During the first three decades of Margaret’s life, her family moved her and her older sister Mary several times between India and England. It was common for members of the British imperial elite in India to relocate their young children back to their home country so they would not become “too” Indian. In 1870, when Margaret was seven, the girls were sent to England to stay with their uncle John, a pastor, and aunt Harriet in Lambourn, Berkshire county. Despite her uncle’s conservative leanings, Margaret later credited him with awakening her interest in archaeology as they visited some of the local antiquities.
In 1873 the girls’ mother took them to Bonn for two years, where they became proficient in German. Later, this ability was helpful to Margaret in her career at University College London (UCL), as she – unlike Petrie – was able to read archaeological books and articles published in German. They then moved again between England and India, living in Calcutta for most of the 1880s. During that time, Margaret, who was interested in nursing, acquired some training and got a job as a nurse in the Calcutta General Hospital. But her father – who believed that women should aspire to the ideal of “the angel in the house” and not work outside the house for pay – did not approve, and insisted that Margaret could do so for only three months. Back in England, she tried to find work there as a nurse, but was considered too short (she was less than five feet tall).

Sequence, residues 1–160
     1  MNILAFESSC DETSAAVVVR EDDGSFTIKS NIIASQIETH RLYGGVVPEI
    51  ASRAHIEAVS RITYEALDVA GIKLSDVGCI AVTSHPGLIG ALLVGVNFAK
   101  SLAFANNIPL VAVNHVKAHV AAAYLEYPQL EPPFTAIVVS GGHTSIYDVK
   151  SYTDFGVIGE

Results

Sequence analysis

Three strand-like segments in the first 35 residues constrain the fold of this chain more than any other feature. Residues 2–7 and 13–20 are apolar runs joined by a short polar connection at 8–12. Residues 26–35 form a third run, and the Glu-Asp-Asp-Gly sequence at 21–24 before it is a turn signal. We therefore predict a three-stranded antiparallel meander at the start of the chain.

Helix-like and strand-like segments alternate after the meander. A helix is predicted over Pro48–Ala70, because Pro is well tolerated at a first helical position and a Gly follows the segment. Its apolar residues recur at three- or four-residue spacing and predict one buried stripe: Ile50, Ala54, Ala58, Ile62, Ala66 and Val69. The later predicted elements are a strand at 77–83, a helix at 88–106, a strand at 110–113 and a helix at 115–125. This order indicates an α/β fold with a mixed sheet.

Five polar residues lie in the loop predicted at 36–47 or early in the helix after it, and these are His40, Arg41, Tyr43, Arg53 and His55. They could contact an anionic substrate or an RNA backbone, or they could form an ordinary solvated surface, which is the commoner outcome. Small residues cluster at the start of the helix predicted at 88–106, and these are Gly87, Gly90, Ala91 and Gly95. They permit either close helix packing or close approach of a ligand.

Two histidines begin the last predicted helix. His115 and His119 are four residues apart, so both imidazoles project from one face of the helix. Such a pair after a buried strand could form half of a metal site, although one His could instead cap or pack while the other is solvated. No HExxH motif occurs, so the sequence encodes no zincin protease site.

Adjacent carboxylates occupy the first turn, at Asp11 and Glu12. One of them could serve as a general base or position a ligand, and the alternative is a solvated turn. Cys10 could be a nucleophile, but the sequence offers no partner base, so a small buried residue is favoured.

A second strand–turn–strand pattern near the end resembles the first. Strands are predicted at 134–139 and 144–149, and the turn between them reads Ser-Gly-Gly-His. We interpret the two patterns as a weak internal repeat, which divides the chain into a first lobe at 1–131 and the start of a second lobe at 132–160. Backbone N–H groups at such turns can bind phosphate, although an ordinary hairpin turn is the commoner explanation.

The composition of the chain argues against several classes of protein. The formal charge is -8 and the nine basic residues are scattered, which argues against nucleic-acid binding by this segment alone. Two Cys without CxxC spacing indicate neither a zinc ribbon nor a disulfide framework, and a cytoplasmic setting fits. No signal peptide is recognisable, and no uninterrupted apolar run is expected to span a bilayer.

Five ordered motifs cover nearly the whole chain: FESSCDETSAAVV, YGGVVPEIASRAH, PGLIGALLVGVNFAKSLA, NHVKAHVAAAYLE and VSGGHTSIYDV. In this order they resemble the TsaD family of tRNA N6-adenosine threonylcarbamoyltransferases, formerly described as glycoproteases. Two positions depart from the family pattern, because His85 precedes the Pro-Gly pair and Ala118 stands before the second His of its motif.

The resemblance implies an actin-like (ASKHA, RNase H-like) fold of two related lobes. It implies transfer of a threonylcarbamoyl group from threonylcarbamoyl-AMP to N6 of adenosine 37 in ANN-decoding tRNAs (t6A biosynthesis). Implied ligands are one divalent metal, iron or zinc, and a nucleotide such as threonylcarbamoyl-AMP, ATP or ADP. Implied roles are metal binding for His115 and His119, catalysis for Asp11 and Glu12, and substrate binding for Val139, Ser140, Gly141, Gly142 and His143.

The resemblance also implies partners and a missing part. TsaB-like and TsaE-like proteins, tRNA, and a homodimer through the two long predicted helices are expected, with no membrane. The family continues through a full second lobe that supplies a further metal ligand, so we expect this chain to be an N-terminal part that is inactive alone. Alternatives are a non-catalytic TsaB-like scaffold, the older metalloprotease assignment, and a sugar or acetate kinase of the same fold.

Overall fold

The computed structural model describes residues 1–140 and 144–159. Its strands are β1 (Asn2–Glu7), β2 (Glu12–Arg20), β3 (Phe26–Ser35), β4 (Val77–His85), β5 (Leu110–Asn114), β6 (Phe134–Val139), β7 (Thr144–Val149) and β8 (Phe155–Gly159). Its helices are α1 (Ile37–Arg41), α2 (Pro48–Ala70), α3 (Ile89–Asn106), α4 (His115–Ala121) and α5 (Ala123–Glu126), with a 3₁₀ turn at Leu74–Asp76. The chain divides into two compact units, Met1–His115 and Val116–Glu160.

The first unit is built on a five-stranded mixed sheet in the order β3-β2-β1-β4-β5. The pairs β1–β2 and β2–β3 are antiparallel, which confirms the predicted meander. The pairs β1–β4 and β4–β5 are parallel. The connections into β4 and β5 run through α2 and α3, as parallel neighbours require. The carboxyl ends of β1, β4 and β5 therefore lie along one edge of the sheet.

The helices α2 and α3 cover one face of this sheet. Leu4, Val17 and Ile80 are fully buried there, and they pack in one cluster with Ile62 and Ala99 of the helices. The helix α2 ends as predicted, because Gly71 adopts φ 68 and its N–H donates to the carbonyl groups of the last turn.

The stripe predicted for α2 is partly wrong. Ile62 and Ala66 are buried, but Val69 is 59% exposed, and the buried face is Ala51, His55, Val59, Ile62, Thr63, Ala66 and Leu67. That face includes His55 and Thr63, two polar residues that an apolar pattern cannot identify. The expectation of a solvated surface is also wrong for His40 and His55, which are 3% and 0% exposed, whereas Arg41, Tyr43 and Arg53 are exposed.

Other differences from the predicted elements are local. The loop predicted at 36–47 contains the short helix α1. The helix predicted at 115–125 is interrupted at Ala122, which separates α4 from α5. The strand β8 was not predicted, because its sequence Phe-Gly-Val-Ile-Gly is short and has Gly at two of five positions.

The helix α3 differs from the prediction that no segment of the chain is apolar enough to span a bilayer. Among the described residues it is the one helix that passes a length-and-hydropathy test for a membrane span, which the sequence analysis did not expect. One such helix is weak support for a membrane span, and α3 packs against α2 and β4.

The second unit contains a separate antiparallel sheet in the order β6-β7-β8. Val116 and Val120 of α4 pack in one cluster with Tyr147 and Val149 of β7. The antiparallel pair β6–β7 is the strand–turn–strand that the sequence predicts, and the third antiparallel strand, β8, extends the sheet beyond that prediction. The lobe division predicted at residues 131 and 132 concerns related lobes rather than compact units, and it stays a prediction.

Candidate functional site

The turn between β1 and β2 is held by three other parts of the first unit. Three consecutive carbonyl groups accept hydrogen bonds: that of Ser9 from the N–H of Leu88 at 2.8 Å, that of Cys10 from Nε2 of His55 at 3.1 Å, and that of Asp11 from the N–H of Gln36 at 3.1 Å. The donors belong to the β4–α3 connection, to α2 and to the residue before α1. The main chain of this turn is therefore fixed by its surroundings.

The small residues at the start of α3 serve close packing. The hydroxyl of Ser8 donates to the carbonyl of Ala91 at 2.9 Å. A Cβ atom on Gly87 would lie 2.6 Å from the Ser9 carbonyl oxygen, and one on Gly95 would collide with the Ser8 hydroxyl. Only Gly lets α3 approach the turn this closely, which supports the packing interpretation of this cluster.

For a while, Margaret found employment as a social worker, helping local poor people. Then in 1893, during a visit to Mary – who had been married two years before and moved with her husband to Madras (today’s Chennai) in India – fate stepped in. Mary noticed an advertisement in the London Timesthat Petrie, already a well-known Egyptologist, would be giving a series of classes on the subject in the new department of Egyptology at UCL. The department, founded in 1892 with help from British writer and traveler Amelia Edwards (who had long been fascinated by Egypt), was to transform a popular hobby among nineteenth-century antiquarians from “Egyptomania” into the serious study of Egyptian history and culture.
News of these classes caught Mary’s interest; she had always been the more academically inclined of the two sisters and seemed destined for a professional career. But, now living in India, married and with a new baby, Mary had to give up the idea. She told Margaret, “Now that I am married I can’t go to those classes myself, but you must.” Margaret took her advice to heart. She returned to England to start taking the classes the following year.
Studying and Teaching at UCL